WHISPER ON THE WIND
The Great War Series, Book 2
Tyndale House Publishers, Inc
About the Book
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About the Book
In Brussels at the height of WWI, a small, underground newspaper is the only thing offering the occupied city hope --- and real news of the war. The paper may be a small whisper amid the shouts of the German army, but Edward Kirkland will do anything to keep it in print. Meanwhile, Isa Lassone, a Belgian-American socialite whose parents whisked her to safety at the start of the war, sneaks back into the country to rescue those dearest to her: Edward and his mother. But Edward refuses to go, and soon Isa is drawn into his secret life printing the newspaper…And into his heart.
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1. Isa and Edward are willing to risk their lives because they believe in the power of words to inspire, restore, and give hope. Can you share an experience where the written word has impacted you so that you felt differently after you read it?
2. Isa is naive about the state of affairs in occupied Brussels, even surprised when she learns the Germans have taken over national landmarks like the Palais de Justice. As Americans, we’ve been blessed to never have to confront an infringement on our freedom. What everyday activities do we take for granted that might be taken from us if we were ever occupied by foreign troops?
3. Isa and Edward express different ideas about how to interpret God’s will. Isa claims it must be God’s will for her to be there, simply because she has made it safely. Later, Edward tells a group of Germans that God revealed His will by way of desire. What are the merits and the flaws in each of these interpretations? Why do you think God’s will is sometimes hard to figure out?
4. Throughout much of the story, Edward doubts God can be in control when life is so chaotic and unfair. Have you ever turned from God rather than turned to God when you don’t understand why bad things happen around you?
5. Genny tells Isa: “I don’t like myself when my thoughts are so full of hate, and I doubt you would either.” But when Genny is in the car with Max on the way to St. Gilles, she admits to herself that she hates every one of them, even the one at her side. Can you share a time when your outward appearance, words, or actions vastly contradicted your inward emotions? Was that good or bad, and how did you handle it? Is it possible to redirect one’s emotions? How?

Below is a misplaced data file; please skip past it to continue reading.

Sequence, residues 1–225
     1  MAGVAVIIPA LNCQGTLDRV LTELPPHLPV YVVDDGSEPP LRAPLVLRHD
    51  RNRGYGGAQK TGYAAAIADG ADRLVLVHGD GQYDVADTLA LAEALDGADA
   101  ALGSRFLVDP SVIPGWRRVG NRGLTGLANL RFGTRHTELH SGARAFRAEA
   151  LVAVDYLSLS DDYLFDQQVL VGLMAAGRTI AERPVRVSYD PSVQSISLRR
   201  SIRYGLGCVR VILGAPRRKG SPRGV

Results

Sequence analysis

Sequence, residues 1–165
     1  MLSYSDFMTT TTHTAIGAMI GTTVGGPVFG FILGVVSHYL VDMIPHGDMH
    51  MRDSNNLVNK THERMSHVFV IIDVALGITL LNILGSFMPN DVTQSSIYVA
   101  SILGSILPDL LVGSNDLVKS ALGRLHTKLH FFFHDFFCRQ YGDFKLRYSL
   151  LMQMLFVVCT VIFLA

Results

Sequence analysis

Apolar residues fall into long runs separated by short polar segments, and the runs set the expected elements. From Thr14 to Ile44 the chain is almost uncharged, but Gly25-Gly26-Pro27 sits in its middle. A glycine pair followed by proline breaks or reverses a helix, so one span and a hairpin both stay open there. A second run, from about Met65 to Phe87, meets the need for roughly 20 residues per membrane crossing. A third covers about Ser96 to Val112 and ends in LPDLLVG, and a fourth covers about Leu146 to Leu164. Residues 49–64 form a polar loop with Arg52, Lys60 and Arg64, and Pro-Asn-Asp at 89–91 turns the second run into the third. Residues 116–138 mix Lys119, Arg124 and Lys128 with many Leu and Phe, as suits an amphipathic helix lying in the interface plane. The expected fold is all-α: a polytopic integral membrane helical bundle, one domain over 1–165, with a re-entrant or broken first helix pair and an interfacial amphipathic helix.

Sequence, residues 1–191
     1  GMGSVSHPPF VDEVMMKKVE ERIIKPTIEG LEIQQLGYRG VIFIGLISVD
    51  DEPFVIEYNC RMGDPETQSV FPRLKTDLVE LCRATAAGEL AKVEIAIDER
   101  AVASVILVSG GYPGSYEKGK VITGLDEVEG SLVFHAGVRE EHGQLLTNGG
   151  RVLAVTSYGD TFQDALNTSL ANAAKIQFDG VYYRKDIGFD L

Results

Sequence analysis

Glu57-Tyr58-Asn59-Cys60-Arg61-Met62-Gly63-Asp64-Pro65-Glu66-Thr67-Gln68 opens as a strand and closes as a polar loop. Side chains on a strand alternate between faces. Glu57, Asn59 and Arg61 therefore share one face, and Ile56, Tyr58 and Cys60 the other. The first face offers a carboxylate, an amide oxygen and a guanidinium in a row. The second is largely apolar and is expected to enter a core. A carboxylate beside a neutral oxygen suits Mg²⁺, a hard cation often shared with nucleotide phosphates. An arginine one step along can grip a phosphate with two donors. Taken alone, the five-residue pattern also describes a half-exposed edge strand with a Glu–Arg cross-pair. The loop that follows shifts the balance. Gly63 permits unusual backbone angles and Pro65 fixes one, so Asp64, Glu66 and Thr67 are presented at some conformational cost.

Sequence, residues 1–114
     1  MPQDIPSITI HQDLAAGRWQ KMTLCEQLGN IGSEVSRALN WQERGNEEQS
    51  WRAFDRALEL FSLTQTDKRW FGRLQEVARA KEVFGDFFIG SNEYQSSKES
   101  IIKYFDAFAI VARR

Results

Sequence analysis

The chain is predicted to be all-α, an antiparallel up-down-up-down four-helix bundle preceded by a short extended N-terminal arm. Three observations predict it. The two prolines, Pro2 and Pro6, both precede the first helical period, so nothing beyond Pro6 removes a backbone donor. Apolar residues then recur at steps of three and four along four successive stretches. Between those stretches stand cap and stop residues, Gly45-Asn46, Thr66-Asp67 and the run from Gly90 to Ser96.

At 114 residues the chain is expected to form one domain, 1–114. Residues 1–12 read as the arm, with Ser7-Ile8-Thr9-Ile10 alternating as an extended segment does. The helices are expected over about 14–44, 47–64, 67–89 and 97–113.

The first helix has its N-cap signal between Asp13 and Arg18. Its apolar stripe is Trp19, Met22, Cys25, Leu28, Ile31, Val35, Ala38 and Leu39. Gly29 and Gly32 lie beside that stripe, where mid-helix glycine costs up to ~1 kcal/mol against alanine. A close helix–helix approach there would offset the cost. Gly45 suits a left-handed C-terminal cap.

6. Have you ever considered which side God would be on in the wars throughout history? How do you think God feels about war in general?
7. After Isa agrees to house the press, she realizes she might have endangered all of them just to get Edward to notice her. Have you ever convinced yourself you were doing something solely for God, depending on His protection, when underneath you had mixed motives? What made you realize that?
8. During the dinner party discussion between the Germans and Edward, one of the sentiments expressed is that God may exist but can hardly be concerned about the details concerning mankind. Edward assures them God is concerned, because He loves all of us. How would you respond to this sentiment? Do you think Edward is right? Is God concerned with every decision we make?
9. Edward admits he was never sure whether his faith had been his own or simply handed down to him from his father. Have you ever wrestled with whether your faith was your own and not simply something you “inherited” from your family or culture? How did you resolve this uncertainty?
10. Genny informs Edward that he’d better learn to distinguish Max from the army he represents because Max is a Christian and they’ll have to spend eternity together. Have you ever struggled with your attitude toward a fellow Christian who differs from you in some substantial way? All emotion aside, how do you think God wants you to handle your relationship with this person here on earth?
11. Have you ever felt helpless in a situation where anger seemed to be the only emotion you could decipher? When Edward thrusts his fist at God, Father Clemenceau reminds him that God doesn’t have to account Himself to anyone. Has anyone ever given you this sort of spiritual slap in the face, to remind you of your place and that God is God and He can allow what He sees best in order for us to know Him best?
12. When all seems lost, Isa accepts her fate. How do you think she might have handled her sentence if she didn’t have faith that there is more to this life than the number of years we spend on earth?
© Copyright 2017 by Maureen Lang. Reprinted with permission by Tyndale House Publishers, Inc. All rights reserved.
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